How to become a work-life balance champion
Rick Hughes explores five ways HR professionals can model a healthy approach to their work and personal lives
When cabinet secretary for communities and local government MSP Aileen Campbell made the tough call to stand down at the next election, she joined the army of people questioning their 'work-life balance'. She explained: "My husband and I are very fortunate – we have managed to find ways for me to do my job and have a family at the same time. But there is no getting away from the fact that the job – while immensely rewarding – is demanding in terms of pressure and time. I hope in future I can spend a little more time with my boys at home."
It’s so important for those of us in people management to embrace, model and demonstrate a positive and healthy work-life balance. In the face of busy and demanding roles the key proviso is to acknowledge that we each have a unique work-life balance tapestry because we all have different needs.
Here are five key tips for the HR community:
We must all appreciate our physical and mental health through taking care of our bodies with adequate exercise, a balanced diet, enough sleep and sufficient relaxation. Both might get knocks along the way – when we’ll need to seek out appropriate support and recover through rest and recuperation. All organisations have a duty of care to provide safe and healthy environments. The work of HR is crucial in achieving this, but it also starts with us as individuals. What does our duty of care to us look like?
Purpose and meaning
Aligning our values to who we are at work and what we do offers us the connection that gels us emotionally and philosophically to our organisations. The psychological contract builds the terms, conditions and benefits of employment but it’s also the unspoken, implicit ‘pay back’ from employees that returns the powerful added value. Humans are social creatures. Dependants and partners (if we have them) need us and we need them. Friends come in and out of our lives. We get out what we put in and that takes effort, time and prioritising.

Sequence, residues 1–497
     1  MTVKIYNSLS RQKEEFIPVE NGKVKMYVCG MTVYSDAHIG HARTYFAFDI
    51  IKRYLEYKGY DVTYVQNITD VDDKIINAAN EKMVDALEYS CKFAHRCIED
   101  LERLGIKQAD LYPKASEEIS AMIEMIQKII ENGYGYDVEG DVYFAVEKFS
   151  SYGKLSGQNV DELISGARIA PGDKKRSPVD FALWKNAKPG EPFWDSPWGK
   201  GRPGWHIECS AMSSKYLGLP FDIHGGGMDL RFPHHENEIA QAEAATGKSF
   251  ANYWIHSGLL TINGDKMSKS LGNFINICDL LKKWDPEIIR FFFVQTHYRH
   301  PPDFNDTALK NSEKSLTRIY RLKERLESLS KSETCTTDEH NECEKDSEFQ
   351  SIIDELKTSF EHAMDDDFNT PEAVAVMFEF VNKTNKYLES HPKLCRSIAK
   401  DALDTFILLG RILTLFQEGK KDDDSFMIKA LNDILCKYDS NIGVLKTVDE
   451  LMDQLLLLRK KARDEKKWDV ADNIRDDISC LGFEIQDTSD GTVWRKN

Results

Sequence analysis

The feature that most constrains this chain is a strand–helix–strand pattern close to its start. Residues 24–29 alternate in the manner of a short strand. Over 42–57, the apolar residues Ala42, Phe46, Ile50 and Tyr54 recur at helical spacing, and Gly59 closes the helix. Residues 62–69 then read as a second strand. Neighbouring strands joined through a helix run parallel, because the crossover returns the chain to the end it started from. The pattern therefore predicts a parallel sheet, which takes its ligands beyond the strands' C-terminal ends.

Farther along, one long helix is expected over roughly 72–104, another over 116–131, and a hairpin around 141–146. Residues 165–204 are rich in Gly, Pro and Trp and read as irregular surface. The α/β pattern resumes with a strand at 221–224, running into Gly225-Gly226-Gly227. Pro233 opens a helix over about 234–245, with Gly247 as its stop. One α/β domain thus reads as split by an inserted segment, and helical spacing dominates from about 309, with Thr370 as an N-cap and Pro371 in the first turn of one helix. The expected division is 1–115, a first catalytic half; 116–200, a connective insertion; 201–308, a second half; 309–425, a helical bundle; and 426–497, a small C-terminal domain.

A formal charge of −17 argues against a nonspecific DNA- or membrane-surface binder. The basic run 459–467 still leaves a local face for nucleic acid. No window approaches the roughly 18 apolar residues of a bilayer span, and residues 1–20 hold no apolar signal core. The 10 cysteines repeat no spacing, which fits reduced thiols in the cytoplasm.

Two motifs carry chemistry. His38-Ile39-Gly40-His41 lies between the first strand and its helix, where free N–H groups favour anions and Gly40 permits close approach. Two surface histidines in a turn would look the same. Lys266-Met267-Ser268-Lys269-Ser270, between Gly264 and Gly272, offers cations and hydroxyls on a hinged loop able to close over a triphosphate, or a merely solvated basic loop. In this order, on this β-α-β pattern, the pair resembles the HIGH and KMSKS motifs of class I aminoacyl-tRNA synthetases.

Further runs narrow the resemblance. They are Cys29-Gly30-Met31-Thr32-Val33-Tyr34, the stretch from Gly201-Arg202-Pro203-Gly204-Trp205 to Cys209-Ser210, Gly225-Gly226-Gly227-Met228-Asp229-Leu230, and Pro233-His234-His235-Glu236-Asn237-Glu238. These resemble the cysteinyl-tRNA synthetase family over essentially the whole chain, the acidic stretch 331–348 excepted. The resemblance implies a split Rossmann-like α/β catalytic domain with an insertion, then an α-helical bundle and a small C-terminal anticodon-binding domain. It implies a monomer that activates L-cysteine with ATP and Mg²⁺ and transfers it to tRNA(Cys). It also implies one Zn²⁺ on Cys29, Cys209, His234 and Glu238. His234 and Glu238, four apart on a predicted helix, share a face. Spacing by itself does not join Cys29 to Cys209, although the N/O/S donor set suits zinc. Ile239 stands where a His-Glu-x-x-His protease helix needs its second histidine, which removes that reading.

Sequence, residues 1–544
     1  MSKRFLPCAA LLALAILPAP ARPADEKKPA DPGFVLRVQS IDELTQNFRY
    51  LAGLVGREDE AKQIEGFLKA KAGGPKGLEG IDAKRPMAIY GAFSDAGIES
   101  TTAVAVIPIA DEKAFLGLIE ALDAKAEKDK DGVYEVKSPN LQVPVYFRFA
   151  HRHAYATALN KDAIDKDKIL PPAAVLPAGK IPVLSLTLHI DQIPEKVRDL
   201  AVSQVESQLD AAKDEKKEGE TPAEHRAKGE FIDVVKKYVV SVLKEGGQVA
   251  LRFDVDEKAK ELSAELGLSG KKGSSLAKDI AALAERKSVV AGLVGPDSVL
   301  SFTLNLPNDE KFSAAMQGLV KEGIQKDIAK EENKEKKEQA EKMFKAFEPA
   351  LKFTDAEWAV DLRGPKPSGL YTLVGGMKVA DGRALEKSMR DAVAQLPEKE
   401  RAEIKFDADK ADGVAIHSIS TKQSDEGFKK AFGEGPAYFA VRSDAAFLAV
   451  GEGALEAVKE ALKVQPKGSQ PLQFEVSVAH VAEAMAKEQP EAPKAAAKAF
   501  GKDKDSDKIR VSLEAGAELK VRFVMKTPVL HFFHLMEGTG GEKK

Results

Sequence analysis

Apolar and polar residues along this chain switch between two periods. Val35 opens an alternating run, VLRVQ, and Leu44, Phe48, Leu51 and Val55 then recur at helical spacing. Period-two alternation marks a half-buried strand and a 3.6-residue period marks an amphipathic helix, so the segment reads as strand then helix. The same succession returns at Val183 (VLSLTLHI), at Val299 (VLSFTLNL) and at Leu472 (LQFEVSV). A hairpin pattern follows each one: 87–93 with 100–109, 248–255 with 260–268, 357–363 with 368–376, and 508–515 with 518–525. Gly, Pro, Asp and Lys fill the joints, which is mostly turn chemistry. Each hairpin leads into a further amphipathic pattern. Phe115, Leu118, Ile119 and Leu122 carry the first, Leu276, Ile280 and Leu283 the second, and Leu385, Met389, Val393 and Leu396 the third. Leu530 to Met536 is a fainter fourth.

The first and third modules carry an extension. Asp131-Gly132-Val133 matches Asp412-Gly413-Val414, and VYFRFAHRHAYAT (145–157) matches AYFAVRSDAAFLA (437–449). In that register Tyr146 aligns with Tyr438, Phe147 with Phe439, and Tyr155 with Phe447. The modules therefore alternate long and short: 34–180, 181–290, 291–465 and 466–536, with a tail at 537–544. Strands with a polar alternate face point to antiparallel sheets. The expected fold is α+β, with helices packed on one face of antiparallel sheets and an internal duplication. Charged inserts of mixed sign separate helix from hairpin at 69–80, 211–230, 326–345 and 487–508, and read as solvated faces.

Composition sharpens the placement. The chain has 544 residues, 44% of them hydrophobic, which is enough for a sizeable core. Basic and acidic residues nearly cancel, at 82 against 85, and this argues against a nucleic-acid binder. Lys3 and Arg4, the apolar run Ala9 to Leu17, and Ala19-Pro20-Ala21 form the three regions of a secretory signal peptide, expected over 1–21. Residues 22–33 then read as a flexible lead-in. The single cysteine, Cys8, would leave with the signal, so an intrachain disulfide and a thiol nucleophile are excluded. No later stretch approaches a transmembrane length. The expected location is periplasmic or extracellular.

Complete a task-time tracker to reveal chunks of wasted time that could have been served more constructively and fruitfully. Consider the endless meetings about meetings, the pointless social media chit-chats or the fruitless email sparring. Delegation is both an art and a skill. So is learning to say ‘yes’ or ‘no’. Both can be mastered so we can juggle dependable people rather than fragile plates. As we explore and embrace flexible working opportunities, such as a nine-day fortnight or four-day week, we can identify ways of working more productively in less time to enjoy the reward of extra ‘me time’.
‘I need to be perfect!’ our internal monologues often tell us. No, we don’t. This is a massive saboteur to work-life balance as we feed the impossible dream. The higher the bar, the further out of reach it becomes. Accept ‘good enough’ and the gift of learning from mistakes. The reality is that at work we might all slip up at some time; maybe we made the wrong decision or were ill-informed. Accepting that and reviewing what happened objectively can prevent an insidious blame culture emerging, which can damage the opportunity to achieve real learning, insight and progression.
Monitor personal levels of stress and look out for the signs in others. The secret is it’s usually easier to spot signs of stress in someone else than in us. If we all look out for each other, we’re more likely to spot the tell-tale triggers. The Health and Safety Executive ‘management standards’ form an excellent foundation for stress management, but every organisation has unique characteristics, shared by employees, and we all have a different stress-alert calibration point. What’s motivating pressure to one can be debilitating stress to another. But in seeking out what helps or hinders work, let’s not forget work is crucial for our mental health.
Back to Campbell… She concluded: "So, after much consideration, now feels like a good time to prepare myself for taking a step back from frontline party politics and government." Campbell has effectively given more than a year’s notice to quit. This will allow her time to plan her change and make the necessary transition and adaptations.
Identifying the ingredients of our unique work-life balance feast does require thoughtful consideration, priority analysis and impact assessment. HR and people development have ‘people’ at the core. While we must do our bit to advance and improve the work lives of our staff, we also need to question what constitutes our own work-life balance so we can truly wave the flag and be champions of the cause.
Rick Hughes is author of Get a Life! Creating a successful work-life balance
This article was originally published on People Management. Read original article here.